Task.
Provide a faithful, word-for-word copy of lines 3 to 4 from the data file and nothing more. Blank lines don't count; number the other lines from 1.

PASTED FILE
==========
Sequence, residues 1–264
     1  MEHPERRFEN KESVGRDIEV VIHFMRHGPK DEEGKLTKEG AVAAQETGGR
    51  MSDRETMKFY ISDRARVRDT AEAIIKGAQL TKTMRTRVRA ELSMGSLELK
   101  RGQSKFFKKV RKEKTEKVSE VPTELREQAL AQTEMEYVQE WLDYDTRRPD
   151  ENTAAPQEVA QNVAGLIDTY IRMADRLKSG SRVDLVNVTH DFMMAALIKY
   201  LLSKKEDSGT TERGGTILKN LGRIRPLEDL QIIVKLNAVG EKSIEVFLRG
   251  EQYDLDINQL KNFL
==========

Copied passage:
    51  MSDRETMKFY ISDRARVRDT AEAIIKGAQL TKTMRTRVRA ELSMGSLELK
   101  RGQSKFFKKV RKEKTEKVSE VPTELREQAL AQTEMEYVQE WLDYDTRRPD